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Role of angiotensin II and the subfornical organ in the pharmacological actions of ethanol. Alcohol Alcohol 2004 Sep-Oct;39(5):410-7



Pubmed ID




Scopus ID

2-s2.0-4544303871   5 Citations


AIMS: The current study was designed to evaluate if angiotensin II mediates the hypothermic effects of ethanol, and to determine if the effects of angiotensin are mediated centrally. We also tested the hypothesis that the subfornical organ (SFO) is a site responsible for the alterations in body temperature and aerial righting reflex mediated by ethanol and for the modulation of ethanol consumption in rats.

METHODS: Male Sprague-Dawley rats were used in a series of experiments to evaluate the role of both peripheral and central administration of losartan, a selective angiotensin type 1 receptor antagonist on ethanol-induced hypothermia. Subsequent studies were undertaken in SFO-lesioned rats to evaluate the effects of SFO-lesion on alcohol intake, the thermal response to alcohol and angiotensin, and the aerial righting reflex.

RESULTS: Selective antagonism of the angiotensin II type 1 receptor, administered either peripherally or centrally, attenuated not only the fall in colonic temperature but also attenuated the transient rise in tail skin temperature that was associated with administration of ethanol. The thermal responses to both angiotensin and ethanol were similarly attenuated in SFO-lesioned rats. Likewise the aerial righting reflex, which has previously been shown to be impaired by losartan treatment, was also significantly attenuated in SFO-lesioned animals. Alcohol intake, as determined by a 48 h, two-bottle preference test also revealed that SFO-lesioned animals consumed significantly less alcohol (ethanolic beer) than did controls.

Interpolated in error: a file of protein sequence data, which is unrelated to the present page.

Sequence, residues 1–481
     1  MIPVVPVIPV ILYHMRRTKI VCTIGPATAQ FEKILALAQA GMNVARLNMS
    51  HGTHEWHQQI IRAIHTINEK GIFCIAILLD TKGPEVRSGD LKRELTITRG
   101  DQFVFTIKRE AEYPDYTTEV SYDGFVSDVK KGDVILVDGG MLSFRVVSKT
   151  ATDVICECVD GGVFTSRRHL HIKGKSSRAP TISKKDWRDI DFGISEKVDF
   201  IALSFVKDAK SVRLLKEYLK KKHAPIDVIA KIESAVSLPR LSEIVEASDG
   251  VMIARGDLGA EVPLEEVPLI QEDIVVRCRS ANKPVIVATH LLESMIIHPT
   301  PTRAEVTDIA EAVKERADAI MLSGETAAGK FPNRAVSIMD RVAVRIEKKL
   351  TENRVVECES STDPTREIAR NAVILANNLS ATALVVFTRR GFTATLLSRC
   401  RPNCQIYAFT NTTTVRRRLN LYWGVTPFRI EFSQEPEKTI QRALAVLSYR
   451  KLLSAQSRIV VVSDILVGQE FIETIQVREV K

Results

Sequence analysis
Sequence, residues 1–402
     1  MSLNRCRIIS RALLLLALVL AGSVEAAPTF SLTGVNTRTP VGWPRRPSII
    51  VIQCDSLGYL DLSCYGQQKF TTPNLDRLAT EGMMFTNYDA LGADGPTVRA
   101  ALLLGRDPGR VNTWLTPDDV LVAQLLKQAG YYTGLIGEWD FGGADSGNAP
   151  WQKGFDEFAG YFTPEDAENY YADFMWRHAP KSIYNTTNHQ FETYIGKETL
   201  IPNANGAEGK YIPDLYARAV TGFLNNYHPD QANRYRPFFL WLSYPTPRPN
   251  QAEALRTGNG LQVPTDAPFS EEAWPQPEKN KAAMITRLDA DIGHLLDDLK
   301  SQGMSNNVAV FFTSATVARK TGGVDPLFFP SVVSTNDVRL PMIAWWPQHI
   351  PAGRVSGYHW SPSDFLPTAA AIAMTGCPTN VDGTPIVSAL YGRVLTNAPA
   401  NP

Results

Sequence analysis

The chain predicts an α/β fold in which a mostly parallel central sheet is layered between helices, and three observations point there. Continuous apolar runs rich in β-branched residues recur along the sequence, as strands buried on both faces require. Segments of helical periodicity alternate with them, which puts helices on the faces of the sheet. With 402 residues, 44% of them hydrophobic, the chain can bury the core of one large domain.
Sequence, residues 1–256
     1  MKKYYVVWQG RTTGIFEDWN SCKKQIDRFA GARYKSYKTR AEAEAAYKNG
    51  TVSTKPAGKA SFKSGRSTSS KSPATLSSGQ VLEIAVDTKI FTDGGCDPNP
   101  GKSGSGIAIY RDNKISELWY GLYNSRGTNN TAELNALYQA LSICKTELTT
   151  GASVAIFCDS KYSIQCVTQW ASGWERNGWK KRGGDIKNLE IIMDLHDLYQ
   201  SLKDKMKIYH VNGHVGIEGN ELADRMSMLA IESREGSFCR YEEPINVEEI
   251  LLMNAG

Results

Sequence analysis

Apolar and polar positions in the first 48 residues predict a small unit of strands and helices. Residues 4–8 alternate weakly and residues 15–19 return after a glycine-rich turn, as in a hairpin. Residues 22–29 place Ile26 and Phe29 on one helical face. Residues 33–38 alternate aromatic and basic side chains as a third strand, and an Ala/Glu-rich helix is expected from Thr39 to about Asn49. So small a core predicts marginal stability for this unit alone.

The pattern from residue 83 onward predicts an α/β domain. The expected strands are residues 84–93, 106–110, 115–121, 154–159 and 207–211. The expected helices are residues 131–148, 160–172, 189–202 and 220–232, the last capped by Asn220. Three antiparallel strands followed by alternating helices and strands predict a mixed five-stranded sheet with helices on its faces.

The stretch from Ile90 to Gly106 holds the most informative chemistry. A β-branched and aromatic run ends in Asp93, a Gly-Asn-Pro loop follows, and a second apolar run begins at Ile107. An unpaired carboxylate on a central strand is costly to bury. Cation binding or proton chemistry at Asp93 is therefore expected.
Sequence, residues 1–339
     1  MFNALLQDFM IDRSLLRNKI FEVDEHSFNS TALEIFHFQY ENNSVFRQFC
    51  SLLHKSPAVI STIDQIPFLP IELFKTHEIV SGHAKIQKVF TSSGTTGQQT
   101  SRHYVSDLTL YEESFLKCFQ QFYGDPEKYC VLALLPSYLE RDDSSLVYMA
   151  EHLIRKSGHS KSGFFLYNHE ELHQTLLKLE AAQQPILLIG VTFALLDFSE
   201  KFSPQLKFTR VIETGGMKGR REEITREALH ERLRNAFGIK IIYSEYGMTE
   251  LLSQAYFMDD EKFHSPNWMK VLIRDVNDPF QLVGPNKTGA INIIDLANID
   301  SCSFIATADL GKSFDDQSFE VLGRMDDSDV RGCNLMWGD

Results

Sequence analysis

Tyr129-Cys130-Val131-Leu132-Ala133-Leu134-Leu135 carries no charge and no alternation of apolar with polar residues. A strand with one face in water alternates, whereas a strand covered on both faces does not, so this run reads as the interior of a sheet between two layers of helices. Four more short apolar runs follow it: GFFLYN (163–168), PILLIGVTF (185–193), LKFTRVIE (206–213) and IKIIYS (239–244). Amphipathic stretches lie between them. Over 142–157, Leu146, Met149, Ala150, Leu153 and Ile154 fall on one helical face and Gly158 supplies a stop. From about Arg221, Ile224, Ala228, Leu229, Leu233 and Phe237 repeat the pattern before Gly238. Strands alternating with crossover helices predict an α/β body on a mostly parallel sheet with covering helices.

CONCLUSION: Collectively, the results demonstrate that ethanol-induced temperature responses are mediated by the renin-angiotensin system and that this interaction is mediated centrally. In addition, the results demonstrate that the SFO is a site that mediates several neurobiological effects of ethanol, possibly via the renin-angiotensin system.

Author List

Grobe J, Rowland N, Katovich M


Justin L. Grobe PhD Associate Professor in the Physiology department at Medical College of Wisconsin

MESH terms used to index this publication - Major topics in bold

Angiotensin II
Behavior, Animal
Body Temperature
Central Nervous System Stimulants
Choice Behavior
Rats, Sprague-Dawley
Subfornical Organ